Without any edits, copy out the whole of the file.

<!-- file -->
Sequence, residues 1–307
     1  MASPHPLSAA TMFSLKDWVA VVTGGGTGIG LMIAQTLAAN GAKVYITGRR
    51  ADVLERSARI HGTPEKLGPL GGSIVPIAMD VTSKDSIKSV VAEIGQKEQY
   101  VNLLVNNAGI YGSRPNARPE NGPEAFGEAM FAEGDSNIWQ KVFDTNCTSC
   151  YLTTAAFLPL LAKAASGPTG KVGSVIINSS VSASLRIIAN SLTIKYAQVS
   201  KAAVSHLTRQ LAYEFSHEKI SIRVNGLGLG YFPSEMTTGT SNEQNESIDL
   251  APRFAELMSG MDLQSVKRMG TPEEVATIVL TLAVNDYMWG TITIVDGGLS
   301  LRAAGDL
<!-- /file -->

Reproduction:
Sequence, residues 1–307
     1  MASPHPLSAA TMFSLKDWVA VVTGGGTGIG LMIAQTLAAN GAKVYITGRR
    51  ADVLERSARI HGTPEKLGPL GGSIVPIAMD VTSKDSIKSV VAEIGQKEQY
   101  VNLLVNNAGI YGSRPNARPE NGPEAFGEAM FAEGDSNIWQ KVFDTNCTSC
   151  YLTTAAFLPL LAKAASGPTG KVGSVIINSS VSASLRIIAN SLTIKYAQVS
   201  KAAVSHLTRQ LAYEFSHEKI SIRVNGLGLG YFPSEMTTGT SNEQNESIDL
   251  APRFAELMSG MDLQSVKRMG TPEEVATIVL TLAVNDYMWG TITIVDGGLS
   301  LRAAGDL